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The neutrality of this article is disputed.

Psychohistory is the study of the psychological motivations of historical events, combining the insights of psychotherapy with the research methodology of the social sciences to understand the emotional origin of the social and political behavior of groups and nations, past and present.

Table of contents
1 Description
2 Centers of Research
3 References
4 External links
5 Psychohistory in Fiction


Psychohistory derives many of its insights from areas that are ignored by conventional historians as shaping factors; in particular, childbirth, parenting practise, child abuse and willful neglect. The often hidden historical roles of incest, infanticide, and child sacrifice are considered.

Most political scientists and historians teach "realism" and "neo-realism"; ie. that social behaviour is rational, not irrational, and that international violence is for economic gain, not loss. Psychohistory contemplates that often social behaviour is a self-destructive re-enactment of earlier abuse and neglect. It holds that unconscious flashbacks to early fears and destructive parenting dominate society.

There are three inter-related areas of psychohistorical study.

Sigmund Freud is probably most qualified to be described as the inventor of the field as his works, such as History and its Discontents, often included historical analysis supported by his theories of psychoanalysis. Lloyd deMause was a pioneer in the field of psychohistory and continues to be extremely influential in it. Other notable psychohistorians include Alice Miller and Julian Jaynes, though they are rarely thought of as such. Notable examples of psychobiography are those by Louis Namier, who wrote of the British House of Commons and Fawn Brodie, who wrote of Thomas Jefferson.

Some historians and anthropologists complain that they, too, are attempting to describe motivations in their fields of study . Psychohistorians reply that the difference is in emphasis, in conventional study narrative is central and motivation is peripheral, while in psychohistory motivation takes the centre stage. Despite this assertion, Psychohistory does lend itself to narrative and has been credited with helping to revitalize the historical biography. Critics doubt the viability of the application of post-mortem psychoanalysis, a concept which neither Freud nor the post-Freudian schools of psychoanalysis seemed to have in mind while developing their theories. See also Independence of psychohistory.

Centers of Research

The principal centre for psychohistorical study is The Institute for Psychohistory which has 19 branches around the globe and has for 30 years published The Journal of Psychohistory. Its director is Lloyd deMause,

The International Psychohistorical Association, is the professional organisation for the field of psychohistory. It publishes “Psychohistory News” and has a psychohistorical mail order lending library. It hosts an annual convention.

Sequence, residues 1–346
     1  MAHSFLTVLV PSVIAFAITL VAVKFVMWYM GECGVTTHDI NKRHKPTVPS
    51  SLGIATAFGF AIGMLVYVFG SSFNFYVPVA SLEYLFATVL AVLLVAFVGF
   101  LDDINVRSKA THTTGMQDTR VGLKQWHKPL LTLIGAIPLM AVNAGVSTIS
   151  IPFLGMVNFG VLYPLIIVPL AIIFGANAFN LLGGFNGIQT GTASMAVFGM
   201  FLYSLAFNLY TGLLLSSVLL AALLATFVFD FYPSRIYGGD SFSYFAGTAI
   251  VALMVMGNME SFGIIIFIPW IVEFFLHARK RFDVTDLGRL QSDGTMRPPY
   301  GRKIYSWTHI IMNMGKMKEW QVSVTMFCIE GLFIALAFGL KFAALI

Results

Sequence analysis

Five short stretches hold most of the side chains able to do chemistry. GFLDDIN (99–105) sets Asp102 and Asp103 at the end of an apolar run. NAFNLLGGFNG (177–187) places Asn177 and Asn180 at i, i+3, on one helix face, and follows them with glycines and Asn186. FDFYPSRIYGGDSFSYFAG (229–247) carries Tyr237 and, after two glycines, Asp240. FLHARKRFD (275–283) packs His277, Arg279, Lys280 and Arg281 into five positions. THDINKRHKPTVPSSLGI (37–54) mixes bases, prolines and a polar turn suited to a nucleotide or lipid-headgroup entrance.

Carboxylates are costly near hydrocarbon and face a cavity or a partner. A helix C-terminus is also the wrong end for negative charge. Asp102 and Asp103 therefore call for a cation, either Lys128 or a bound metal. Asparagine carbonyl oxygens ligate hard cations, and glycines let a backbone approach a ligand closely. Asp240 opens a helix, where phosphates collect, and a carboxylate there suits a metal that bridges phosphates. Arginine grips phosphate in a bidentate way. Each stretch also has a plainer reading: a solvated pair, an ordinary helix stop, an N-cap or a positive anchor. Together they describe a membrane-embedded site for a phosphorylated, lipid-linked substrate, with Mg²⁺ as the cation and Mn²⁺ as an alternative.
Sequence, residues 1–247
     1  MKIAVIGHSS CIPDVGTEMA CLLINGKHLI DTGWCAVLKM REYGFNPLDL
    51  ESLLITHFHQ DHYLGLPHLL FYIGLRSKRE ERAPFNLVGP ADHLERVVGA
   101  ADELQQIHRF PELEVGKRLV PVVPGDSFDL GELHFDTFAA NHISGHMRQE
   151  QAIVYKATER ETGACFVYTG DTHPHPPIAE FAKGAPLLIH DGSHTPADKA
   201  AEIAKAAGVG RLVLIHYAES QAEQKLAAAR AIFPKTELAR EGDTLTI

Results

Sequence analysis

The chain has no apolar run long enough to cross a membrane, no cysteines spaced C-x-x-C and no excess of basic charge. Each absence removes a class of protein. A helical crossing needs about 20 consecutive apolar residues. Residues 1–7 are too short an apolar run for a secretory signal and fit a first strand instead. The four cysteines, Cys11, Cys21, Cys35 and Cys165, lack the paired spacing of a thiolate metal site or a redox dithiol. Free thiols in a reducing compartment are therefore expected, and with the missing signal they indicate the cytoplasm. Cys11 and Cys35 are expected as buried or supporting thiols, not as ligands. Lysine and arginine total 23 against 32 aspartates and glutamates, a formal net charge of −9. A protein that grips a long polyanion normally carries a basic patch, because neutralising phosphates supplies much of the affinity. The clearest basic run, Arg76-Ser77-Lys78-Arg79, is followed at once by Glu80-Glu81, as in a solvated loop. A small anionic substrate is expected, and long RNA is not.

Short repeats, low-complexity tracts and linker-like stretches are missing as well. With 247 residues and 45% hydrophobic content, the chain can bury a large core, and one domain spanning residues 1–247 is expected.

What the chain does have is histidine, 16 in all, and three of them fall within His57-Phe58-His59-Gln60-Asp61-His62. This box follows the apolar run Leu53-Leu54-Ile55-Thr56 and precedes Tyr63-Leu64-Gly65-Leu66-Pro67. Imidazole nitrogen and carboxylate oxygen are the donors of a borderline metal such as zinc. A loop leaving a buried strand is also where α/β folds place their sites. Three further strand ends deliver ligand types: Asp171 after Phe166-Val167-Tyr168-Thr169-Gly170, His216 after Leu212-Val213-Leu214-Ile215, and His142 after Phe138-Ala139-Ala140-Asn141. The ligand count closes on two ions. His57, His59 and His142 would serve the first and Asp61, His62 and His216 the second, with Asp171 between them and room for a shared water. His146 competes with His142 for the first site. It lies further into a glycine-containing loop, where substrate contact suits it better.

Psychohistory is taught at a few universities as an adjunct to history or social science or as a post graduate study. The following have published course details; Boston University, City University of New York, University of Nevada, State University of New York, at Rockland, and Wesleyan University, Middletown, Connecticut.


External links

Psychohistory in Fiction

Psychohistory was also the name of a fictional science in Isaac Asimov's Foundation Trilogy universe, which combined history, psychology and mathematical statistics to create a (nearly) exact science of the behavior of very large populations of people, such as the Galactic Empire. Asimov used the analogy of a gas - In a gas, the motion of a single molecule is very difficult to predict, but the mass action of the gas can be predicted to a high level of accuracy. Asimov applied this concept to the population of the fictional Galactic Empire, which numbered in the quadrillions. The character responsible for the science's creation, Hari Seldon, established two postulates: that the population whose behaviour was modeled should be sufficiently large and that they should remain in ignorance of the results of the application of psychohistorical analyses.

Later on in his career, Asimov described historical (pre-Seldon) origins of psychohistory. In The Robots of Dawn, he describes roboticist Han Fastolfe's attempts to create the science based on careful observation of others, particularly his daughter Vasilia.

As a precursor to psychohistory, one of Arthur Conan Doyle's Sherlock Holmes novels, a character describes the possibility of forecasting the behaviour of society using mathematical means.